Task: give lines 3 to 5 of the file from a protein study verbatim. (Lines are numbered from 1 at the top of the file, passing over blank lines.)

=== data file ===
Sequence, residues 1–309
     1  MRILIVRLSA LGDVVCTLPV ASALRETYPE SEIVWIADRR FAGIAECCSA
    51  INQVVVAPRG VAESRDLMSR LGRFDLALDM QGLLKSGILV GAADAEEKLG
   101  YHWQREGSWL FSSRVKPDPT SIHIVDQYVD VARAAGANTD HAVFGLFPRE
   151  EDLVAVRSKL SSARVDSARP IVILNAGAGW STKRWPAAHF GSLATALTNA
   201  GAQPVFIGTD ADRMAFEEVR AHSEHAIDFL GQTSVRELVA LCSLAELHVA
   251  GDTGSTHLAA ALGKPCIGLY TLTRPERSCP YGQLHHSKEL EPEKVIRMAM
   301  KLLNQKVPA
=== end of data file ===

    51  INQVVVAPRG VAESRDLMSR LGRFDLALDM QGLLKSGILV GAADAEEKLG
   101  YHWQREGSWL FSSRVKPDPT SIHIVDQYVD VARAAGANTD HAVFGLFPRE
   151  EDLVAVRSKL SSARVDSARP IVILNAGAGW STKRWPAAHF GSLATALTNA